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Why Dell is Trying to Go Private

Published on 22 August 13
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The Changing Face of Computing


The success of android, Apple's i-brand products and various other mobile computing devices has been a challenge for companies founded on the design and manufacture of traditional personal computers. Alongside this challenge, there is the pressure to compete not just with hardware, or software, but services provided by companies offering everything from outsourced analytics, to infrastructure architecture and management and IT solutions tailored to individual businesses. Itâs now no longer enough to produce the machines â experts are required to run and optimize them, and some are even announcing the âdeath of the PCâ itself.


This trend is even more evident in small to medium businesses, where staff are usually not experts in things like data management or service provision through platforms based within, and are utilizing cloud-based computing technologies. Virtual Personal Assistants are a big thing at the moment, with reports claiming that hiring a VPN instead of a full-time staff member will immediately increase ROI simply for the time it saves more key figures in the business. VPNs also have technical knowledge that exceeds the expertise of many internal staff and usually have a masters in cyber security. Likewise, VoIP service providers have teams who provide Enterprise Solutions and Services (ESS) for marketing strategies, business analytics, customer service and general communications.


Enterprise Solutions and Services


The privatization offer was announced on the 5th of February this year, but plans have been in progress since August last year, when Michael Dell realized that his company was in a precarious position. The market is increasingly moving towards service provision as its primary revenue stream, and while Dellâs ESS department continues to grow, it has lost much of the revenue it used to generate through storage services to cloud-based solutions.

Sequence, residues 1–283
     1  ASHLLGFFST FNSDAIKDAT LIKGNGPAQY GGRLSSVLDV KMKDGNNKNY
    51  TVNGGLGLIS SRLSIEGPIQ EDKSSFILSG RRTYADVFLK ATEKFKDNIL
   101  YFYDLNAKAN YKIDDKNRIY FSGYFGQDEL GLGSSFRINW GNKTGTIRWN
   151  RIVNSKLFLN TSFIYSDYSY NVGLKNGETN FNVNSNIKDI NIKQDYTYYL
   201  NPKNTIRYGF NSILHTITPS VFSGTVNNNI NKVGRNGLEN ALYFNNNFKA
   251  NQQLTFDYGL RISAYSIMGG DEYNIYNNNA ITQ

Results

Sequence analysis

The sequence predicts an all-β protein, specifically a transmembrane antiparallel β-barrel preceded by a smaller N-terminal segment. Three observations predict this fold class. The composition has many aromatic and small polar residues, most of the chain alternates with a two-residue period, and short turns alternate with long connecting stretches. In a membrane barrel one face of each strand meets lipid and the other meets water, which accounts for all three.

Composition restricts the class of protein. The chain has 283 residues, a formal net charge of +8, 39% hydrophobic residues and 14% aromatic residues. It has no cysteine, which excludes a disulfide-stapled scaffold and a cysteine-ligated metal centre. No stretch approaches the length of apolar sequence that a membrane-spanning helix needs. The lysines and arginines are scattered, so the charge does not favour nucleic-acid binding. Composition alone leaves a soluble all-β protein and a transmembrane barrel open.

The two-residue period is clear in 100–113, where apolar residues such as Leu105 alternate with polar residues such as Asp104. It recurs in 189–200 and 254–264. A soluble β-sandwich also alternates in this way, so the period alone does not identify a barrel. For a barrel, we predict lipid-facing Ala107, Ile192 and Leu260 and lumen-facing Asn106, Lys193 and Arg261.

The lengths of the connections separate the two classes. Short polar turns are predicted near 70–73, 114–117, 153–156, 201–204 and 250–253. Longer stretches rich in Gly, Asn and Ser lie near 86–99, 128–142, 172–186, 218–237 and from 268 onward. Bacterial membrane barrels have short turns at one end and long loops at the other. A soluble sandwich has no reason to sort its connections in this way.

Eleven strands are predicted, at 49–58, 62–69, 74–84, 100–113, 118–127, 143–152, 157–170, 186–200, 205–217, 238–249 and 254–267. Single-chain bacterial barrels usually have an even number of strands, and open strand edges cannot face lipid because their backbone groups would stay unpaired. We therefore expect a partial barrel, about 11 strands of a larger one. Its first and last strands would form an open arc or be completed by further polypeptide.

What Dell needs to do now, Michael Dell said in a recent shareholder presentation, was focus on cementing its position as a market leader through enhancing those ESS products. This will involve job re-structuring, job losses, and the need for hefty capital investment. By going private, Dell will avoid being scrutinized by the prying eyes of Wall Street, as well as avoid encumbering itself with large debts that both make it answerable to investing parties and diminish the company's ability to weather expected economic shortfalls during the transition.


While Dellâs reputation and capacity for producing quality personal computing hardware is secure, the transition to a radically different area of operations is likely to be fraught with uncertainty. The greater autonomy and flexibility afforded by going private is a necessary step to ensure it can keep pace with the market, and perform the restructuring necessary to be a contender in a highly competitive field. The proposed $24.4 billion buyout, however, has caused concern for shareholders, and many are not willing to entertain the $13.65 per share that this would entail.


Troubled Waters


The shareholder vote on going private was delayed by two weeks, taking place on July 24th, due to Dellâs fear that the majority rule would be overturned by the number of shareholders who wonât vote. A non-vote counts as a vote against, and the uncertainty of Dellâs position has been causing many potential voters to get cold feet. Dell increased its proposed share price by 10 cents, to $13.75, and on Friday included a special dividend of 13 cents per share which raises the value of the buyout to $25 billion. In exchange the special committee agreed that abstentions no longer count as opposing votes. In a regulatory filing, Michael Dell reported that he expects shares to fall to an unprecedented $7.90 if the privatization offer is not accepted.


Michael Dell has attempted to and received some change to the voting regulations to take account of this, with the result that Carl Icahn, a key investor who owns 13 per cent of the company, filed a lawsuit against the company on the 1st of August. Alongside general shareholder uncertainty, several of Dellâs biggest investors have been vocal about their opposition to the buyout, and Icahn is not the first to take this position. Investor Catherine Christner had previously filed a similar suit with Delaware Chancery Court. Both investors feel that going private would diminish the value of the company, and effectively result in selling products for less than theyâre worth.


The future of Dell remains uncertain.

Why Dell is Trying to Go Private - Image 1